The other way to accelerate examination of a utility patent application is to file a request for “Prioritized Examination” with the application, along with a processing fee under 37 CFR 1.17(i)(1) (currently $140 for large entities) and a Prioritized Examination fee under 37 CFR 1.17(c) (currently $4,000). Although the government fees are substantially greater to qualify for “Prioritized Examination” than to qualify for “Special” status, there is no requirement to file an “Accelerated Examination Support Document”, which can require substantial effort and consequent attorney fees to prepare. Thus, pursuing Prioritized Examination is likely comparable in total cost (government fees and attorney fees), and perhaps less expensive, than making an application “Special” when an Accelerated Examination Support Document is required. There are no examination restrictions except that the total number of claims cannot exceed 30, there can be no more than 4 independent claims, and the Applicant must respond to an Examiner’s Office Action within 3 months (rather than 2 months for “Special” applications). However, as with “Special” applications, filing an extension of time with a response to an Examiner’s Office Action is permitted but will terminate “Prioritized Examination” status of the application and the application will then go into the Examiner’s normal working queue.
There are two other ways in which “Prioritized Examination” differs from accelerated examination of “Special” applications.
First, “Prioritized Examination” is not valid for the life of the application. It is only effective for at most two examination cycles, where an examination cycle is a non-final Office Action and then a final Office Action or Allowance – the very first cycle after the application is first filed, and then optionally one more cycle, after an RCE is filed. The second cycle also requires another set of government fees under 37 CFR 1.17(i)(1) and 37 CFR 1.17(c).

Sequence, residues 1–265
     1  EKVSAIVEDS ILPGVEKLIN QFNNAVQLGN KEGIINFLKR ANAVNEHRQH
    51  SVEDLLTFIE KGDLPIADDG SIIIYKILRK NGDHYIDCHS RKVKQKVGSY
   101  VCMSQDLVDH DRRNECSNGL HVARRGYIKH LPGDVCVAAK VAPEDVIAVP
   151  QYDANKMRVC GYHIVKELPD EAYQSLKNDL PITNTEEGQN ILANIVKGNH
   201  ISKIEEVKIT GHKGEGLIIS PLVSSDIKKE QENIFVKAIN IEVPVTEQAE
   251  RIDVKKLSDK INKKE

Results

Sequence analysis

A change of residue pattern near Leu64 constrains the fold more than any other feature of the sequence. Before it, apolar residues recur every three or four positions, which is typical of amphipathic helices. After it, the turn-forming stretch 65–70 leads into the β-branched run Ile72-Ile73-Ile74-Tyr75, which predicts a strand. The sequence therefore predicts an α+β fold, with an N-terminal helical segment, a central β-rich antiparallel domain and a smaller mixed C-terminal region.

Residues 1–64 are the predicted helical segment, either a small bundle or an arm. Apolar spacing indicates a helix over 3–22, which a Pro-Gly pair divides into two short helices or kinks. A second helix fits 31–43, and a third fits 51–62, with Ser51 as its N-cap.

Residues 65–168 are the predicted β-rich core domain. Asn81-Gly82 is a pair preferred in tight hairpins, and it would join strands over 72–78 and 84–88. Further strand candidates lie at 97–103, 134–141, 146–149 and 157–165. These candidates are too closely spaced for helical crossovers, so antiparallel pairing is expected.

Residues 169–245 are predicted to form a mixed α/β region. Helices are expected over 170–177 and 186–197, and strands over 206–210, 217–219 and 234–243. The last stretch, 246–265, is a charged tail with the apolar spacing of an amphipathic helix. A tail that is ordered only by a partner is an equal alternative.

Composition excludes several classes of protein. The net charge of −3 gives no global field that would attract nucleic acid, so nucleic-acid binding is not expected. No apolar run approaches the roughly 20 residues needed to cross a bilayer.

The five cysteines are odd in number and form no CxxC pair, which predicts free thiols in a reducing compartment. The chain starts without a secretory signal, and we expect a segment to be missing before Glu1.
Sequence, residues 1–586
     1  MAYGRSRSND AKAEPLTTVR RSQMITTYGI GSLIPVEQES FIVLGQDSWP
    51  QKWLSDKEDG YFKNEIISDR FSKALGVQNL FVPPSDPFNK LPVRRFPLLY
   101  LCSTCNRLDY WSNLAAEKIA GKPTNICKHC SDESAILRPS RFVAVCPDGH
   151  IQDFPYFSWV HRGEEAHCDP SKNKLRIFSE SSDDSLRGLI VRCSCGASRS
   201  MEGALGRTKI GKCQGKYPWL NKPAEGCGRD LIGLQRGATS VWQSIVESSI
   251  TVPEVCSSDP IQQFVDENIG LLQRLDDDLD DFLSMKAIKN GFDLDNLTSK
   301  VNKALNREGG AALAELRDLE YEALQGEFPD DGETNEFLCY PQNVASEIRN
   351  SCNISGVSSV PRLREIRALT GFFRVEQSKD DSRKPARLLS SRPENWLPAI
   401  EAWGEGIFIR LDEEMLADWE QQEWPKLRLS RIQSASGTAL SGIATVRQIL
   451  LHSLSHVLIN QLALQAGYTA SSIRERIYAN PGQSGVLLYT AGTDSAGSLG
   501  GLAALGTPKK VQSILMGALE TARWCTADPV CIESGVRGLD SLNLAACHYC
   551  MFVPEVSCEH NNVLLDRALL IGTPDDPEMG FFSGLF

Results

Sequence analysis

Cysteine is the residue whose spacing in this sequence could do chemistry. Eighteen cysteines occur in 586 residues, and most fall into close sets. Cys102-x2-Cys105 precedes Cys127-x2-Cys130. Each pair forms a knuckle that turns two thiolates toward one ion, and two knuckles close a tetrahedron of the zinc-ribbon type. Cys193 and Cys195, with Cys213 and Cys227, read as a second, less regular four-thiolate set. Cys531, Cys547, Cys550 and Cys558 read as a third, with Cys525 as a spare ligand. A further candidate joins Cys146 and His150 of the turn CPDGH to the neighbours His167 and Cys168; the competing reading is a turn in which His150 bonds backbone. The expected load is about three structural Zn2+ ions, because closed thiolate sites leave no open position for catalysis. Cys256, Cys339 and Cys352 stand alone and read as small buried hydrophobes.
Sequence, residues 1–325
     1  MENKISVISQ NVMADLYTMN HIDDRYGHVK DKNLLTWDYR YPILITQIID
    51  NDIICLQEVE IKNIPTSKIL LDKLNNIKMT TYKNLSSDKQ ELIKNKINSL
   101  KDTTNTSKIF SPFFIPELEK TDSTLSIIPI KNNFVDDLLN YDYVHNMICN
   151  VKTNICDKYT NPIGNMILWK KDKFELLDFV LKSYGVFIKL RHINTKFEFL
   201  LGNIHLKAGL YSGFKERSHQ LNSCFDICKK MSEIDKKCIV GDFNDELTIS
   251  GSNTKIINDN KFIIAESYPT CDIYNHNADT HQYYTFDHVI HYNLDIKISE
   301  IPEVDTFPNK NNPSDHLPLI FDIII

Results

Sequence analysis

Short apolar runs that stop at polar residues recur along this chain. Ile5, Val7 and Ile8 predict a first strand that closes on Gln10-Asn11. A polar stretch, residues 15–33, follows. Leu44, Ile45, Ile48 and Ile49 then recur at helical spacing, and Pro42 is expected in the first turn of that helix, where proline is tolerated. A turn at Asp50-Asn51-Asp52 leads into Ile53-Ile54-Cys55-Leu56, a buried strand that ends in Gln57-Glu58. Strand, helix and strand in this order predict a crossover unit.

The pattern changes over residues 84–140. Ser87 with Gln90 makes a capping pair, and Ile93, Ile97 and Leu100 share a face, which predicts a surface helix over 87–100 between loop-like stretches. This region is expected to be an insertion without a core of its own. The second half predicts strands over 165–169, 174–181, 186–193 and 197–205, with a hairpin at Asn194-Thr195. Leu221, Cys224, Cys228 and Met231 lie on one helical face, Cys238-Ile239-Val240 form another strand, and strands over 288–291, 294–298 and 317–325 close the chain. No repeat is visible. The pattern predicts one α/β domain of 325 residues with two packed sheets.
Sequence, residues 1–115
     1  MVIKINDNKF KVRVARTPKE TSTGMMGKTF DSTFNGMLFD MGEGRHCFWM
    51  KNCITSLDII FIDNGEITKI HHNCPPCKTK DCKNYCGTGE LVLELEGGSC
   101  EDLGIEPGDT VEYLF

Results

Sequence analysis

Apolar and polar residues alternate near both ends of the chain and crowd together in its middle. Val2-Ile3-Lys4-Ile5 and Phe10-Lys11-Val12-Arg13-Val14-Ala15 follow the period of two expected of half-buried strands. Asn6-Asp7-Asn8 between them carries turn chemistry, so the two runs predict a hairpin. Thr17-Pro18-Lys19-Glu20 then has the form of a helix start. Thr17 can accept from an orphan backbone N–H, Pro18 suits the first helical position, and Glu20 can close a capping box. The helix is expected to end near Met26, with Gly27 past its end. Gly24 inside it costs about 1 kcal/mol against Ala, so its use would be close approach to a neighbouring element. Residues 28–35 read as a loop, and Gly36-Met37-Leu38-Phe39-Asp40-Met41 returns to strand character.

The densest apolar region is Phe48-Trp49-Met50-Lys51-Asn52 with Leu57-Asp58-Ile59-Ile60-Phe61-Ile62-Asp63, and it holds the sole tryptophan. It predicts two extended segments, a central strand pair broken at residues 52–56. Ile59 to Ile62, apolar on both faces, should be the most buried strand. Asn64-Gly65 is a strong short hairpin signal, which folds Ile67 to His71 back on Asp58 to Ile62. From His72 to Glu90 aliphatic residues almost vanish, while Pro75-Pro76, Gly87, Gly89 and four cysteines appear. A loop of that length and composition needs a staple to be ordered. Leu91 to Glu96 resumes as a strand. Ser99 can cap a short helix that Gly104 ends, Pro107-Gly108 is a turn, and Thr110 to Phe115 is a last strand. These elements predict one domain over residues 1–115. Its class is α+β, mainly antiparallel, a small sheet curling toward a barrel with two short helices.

Second, the U.S. Patent & Trademark Office has an annual limit of 10,000 applications that it will admit for “Prioritized Examination”. The Office announces in advance when the limit is close to being reached. After the limit is reached, when filing an application electronically the option to select and pay for “Prioritized Examination” will simply not be available.
In sum, even though the government fees for pursuing “Prioritized Examination” far exceed those for making an application “Special,” the cost of preparing the detailed search report and application analysis required for a “Special” application will likely cover the difference (and require extra time to prepare before filing the application).
Thus, choices between the two can be made based on how much time (and attorney time) are available, and on whether the Applicant would prefer the somewhat more intensive but constrained examination process that comes with “Special” status.